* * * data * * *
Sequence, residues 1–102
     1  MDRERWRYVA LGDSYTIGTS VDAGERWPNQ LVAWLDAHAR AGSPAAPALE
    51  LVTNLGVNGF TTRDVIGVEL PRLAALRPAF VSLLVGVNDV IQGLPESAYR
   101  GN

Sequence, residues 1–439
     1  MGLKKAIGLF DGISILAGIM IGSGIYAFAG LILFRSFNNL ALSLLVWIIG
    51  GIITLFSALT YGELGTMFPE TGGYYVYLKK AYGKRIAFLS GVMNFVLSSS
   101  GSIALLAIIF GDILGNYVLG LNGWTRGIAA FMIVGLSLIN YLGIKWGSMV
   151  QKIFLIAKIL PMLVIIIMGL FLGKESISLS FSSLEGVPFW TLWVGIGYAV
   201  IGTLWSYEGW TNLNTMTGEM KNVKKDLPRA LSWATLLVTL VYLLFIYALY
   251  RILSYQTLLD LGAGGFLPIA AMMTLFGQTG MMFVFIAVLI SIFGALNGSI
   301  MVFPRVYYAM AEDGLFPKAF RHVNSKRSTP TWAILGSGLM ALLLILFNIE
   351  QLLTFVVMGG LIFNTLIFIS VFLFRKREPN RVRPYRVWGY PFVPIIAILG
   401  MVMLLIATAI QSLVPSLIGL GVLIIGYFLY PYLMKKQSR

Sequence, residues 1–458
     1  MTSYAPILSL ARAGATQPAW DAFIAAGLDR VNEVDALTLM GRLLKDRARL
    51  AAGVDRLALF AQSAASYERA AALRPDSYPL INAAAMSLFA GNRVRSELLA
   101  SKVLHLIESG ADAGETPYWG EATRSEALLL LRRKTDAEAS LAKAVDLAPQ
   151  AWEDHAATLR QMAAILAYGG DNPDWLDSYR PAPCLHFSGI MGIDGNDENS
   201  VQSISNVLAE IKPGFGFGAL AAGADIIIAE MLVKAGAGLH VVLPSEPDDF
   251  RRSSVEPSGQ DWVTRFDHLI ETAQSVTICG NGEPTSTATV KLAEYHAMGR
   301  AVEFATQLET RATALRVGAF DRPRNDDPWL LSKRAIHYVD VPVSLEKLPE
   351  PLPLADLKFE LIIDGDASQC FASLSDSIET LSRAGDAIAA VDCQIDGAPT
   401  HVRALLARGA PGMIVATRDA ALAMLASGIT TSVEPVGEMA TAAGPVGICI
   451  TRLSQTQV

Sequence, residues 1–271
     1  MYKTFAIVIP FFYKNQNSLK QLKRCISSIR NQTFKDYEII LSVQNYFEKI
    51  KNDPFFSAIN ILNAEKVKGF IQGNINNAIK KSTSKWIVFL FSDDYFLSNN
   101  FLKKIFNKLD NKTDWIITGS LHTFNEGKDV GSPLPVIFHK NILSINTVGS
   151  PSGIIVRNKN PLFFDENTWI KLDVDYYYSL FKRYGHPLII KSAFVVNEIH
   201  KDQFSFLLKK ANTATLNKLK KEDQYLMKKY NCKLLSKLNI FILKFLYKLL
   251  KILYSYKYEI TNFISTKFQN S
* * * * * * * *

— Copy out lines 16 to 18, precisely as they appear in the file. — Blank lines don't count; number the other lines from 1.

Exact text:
     1  MTSYAPILSL ARAGATQPAW DAFIAAGLDR VNEVDALTLM GRLLKDRARL
    51  AAGVDRLALF AQSAASYERA AALRPDSYPL INAAAMSLFA GNRVRSELLA
   101  SKVLHLIESG ADAGETPYWG EATRSEALLL LRRKTDAEAS LAKAVDLAPQ